By Devin Muzzey / NM News Port
As the coronavirus pandemic continues to threaten communities and devastate economies worldwide, New Mexico now suffers an unemployment rate above the national average, the highest it’s been since measurements began back in 1976.
The U.S. Bureau of Labor & Statistics — in conjunction with the New Mexico Department of Workforce Solutions — announced in their most recent statistics that the land of enchantment reached an unemployment rate of 12.7 percent in July.
Not only is this one of the highest unemployment rates ever recorded in New Mexico, but the mark also places the state as one of just three states total to see its unemployment rate hit a peak in July since the start of the coronavirus pandemic; rising from just 8.4 percent the previous month. Early COVID-19 hotspots New York and Connecticut are the other two states.
By contrast, the national unemployment rate fell from 11.1 percent in June to 10.2 percent in July. The newly released data places New Mexico with the eighth-highest unemployment rate in the United States.
“Well the pandemic obviously is the cause of the unemployment rate,” said Suzan Reagan, Senior Program Manager at the UNM-based Bureau of Business and Economics Research.
Reagan says there are several factors as to why New Mexico’s unemployment numbers saw a nearly 66 percent increase from June to July, reaching further than businesses shuttering statewide.
“That jump from 8.4 to 12.7 in part has to do with schools closing,” Reagan said.” There’s a lot of seasonal businesses that start up in the summer, there is the payment protection plan that ended at the end of July, and the next thing is that a lot of self employed people were also allowed to go in and file claims because they’re self employed.”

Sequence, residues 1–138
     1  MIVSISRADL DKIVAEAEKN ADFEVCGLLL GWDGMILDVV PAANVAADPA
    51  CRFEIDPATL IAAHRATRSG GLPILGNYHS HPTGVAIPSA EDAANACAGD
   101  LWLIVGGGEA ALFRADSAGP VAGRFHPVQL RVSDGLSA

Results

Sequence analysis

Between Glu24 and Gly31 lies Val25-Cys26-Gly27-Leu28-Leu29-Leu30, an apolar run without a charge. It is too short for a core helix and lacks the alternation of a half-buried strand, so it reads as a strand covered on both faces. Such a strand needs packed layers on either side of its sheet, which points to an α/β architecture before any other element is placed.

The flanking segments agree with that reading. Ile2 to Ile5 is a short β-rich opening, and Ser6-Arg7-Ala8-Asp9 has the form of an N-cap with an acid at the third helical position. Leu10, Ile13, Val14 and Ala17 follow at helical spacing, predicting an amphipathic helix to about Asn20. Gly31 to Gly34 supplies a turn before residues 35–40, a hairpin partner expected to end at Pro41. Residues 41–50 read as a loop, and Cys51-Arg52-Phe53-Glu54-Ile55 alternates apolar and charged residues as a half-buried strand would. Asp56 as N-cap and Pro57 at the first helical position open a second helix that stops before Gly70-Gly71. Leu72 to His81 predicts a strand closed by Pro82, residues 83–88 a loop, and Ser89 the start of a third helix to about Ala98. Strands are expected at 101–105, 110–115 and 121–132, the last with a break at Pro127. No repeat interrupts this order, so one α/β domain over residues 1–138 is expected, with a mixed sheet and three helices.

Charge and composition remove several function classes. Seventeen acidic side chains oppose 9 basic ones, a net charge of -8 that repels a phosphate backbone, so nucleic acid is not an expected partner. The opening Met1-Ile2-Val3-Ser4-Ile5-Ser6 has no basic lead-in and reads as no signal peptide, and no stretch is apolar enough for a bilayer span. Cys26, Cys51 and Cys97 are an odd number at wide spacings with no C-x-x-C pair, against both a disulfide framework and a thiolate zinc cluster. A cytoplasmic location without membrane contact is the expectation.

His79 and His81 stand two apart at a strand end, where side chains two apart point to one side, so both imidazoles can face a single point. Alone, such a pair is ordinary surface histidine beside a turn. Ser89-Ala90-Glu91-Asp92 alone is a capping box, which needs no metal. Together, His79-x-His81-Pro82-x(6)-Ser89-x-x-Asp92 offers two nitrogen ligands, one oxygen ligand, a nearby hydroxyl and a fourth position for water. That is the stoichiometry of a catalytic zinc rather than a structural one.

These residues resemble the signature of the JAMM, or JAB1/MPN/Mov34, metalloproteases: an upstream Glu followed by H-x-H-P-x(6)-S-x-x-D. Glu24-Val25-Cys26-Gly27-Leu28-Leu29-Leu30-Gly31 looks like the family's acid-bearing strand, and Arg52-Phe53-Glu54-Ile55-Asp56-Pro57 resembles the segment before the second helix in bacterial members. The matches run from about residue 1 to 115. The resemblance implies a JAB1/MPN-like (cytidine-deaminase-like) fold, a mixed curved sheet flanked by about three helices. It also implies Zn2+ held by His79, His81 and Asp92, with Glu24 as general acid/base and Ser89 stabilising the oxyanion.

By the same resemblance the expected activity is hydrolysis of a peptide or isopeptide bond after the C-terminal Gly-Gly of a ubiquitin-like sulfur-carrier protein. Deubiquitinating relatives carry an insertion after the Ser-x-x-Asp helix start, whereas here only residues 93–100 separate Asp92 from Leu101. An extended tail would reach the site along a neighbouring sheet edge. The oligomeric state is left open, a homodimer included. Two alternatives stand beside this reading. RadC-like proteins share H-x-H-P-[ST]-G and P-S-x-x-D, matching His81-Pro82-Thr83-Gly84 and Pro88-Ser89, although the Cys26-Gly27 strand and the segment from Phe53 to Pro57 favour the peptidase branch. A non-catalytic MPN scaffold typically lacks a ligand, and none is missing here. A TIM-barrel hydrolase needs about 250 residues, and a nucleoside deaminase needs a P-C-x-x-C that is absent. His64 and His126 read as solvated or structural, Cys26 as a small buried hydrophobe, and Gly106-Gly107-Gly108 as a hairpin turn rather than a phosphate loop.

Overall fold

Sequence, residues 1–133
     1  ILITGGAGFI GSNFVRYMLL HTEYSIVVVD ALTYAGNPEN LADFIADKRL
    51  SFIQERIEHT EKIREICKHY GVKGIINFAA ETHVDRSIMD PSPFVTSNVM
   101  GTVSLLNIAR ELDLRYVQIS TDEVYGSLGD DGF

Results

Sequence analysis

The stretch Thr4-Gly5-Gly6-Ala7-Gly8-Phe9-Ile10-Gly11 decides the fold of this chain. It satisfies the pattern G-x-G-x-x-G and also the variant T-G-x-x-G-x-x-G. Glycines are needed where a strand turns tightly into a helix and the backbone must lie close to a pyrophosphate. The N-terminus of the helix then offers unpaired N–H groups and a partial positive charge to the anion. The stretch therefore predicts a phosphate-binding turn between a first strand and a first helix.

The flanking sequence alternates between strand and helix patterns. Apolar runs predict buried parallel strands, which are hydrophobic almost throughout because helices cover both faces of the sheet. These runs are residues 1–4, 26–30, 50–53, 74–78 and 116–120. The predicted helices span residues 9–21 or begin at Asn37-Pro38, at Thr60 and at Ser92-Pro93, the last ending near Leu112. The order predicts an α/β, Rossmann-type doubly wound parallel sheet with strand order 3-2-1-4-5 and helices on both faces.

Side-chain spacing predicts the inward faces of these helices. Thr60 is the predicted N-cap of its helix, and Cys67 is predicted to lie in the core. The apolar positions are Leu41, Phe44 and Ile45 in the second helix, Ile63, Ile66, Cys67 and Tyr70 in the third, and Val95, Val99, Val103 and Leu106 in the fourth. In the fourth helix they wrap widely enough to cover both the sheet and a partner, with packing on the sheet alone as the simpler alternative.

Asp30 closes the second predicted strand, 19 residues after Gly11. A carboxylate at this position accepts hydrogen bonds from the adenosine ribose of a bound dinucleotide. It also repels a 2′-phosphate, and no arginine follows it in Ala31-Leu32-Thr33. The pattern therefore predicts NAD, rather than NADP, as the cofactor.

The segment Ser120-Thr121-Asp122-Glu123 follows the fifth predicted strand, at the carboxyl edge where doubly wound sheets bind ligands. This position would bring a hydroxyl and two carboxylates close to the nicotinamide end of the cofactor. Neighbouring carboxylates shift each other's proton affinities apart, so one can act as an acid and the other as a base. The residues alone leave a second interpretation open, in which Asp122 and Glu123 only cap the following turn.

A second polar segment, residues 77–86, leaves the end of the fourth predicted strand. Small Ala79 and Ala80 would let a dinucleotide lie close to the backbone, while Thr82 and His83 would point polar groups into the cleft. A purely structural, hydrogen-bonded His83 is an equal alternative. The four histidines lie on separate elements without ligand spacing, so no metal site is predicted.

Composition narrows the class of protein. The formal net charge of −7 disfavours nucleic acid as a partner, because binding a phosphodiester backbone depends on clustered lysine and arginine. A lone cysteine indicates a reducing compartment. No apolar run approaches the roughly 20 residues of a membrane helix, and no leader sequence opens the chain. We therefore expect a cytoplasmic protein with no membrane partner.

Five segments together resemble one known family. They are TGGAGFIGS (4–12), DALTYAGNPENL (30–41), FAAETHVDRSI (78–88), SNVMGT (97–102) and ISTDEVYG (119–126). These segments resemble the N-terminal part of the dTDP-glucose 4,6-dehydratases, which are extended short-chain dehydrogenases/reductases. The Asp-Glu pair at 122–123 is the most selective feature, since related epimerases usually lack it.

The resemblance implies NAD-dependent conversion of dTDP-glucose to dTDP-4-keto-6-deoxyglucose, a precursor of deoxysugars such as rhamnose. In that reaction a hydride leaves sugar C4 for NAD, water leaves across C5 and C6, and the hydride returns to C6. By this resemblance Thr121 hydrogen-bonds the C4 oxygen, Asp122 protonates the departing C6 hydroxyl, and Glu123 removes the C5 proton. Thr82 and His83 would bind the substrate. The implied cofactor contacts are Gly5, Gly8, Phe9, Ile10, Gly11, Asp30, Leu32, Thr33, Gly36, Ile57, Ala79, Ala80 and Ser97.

Gov. Michelle Lujan Grisham’s re-enacting of New Mexico’s public health order on July 13 also played a role in the unemployment spike, resulting in the closure of high-contact indoor environments, like restaurants.
“I would also say that the second closure of restaurants hurt them more…You have a lot of food that’s sitting in your pantry that you accrued an expense; we’re seeing a lot of restaurants close because they can’t afford to buy that food and then throw it away,” Reagan said.
Many of New Mexico’s restaurant workers have been hit especially hard by the public health orders. James Bays, a 53-year-old Rio Rancho resident, lost his job as a server at IHOP back in March and has been struggling to find new job opportunities ever since.
“It’s hard to find anyone that is hiring,” Bays said. “And then when you do, there’s so many other people trying to get those jobs. I’ve had zero luck trying to get anything else.”
Before the pandemic, the restaurant industry employed over 82,000 people in the state, according to the New Mexico Restaurant Association.
As COVID-19 case growth continues to decline in New Mexico, Grisham recently allowed indoor dining at restaurants statewide to reopen on August 29 for the second time since the beginning of the pandemic; only this time at 25 percent capacity, while outdoor dining has been increased to 75 percent.
Reagan says that this will have a positive impact on unemployment going forward, but also warns that far more than just the restaurant industry has been kneecapped by the pandemic
The New Mexico Department of Workforce Solutions highlighted in their labor market review for July that New Mexico has lost over 70,100 jobs over the past year.
“Seventy-thousand jobs total is a very large number of jobs that we’ve lost,” Reagan said. “But it’s not in any one sector, and I’d also say that the loss of jobs in the mining industry due to what’s going on worldwide with oil and gas is a huge impact too. Will that help? Yes; but it’s across all sectors at the moment.”
For Bays, the way forward is through the film industry, where he says he has more control.
“So that’s kind of where I’m shooting, that’s what I’m trying to do,” Bays said.
Devin Muzzey is a reporter for the New Mexico News Port. He can be reached on Twitter @MuzzeyDevin or at email@example.com.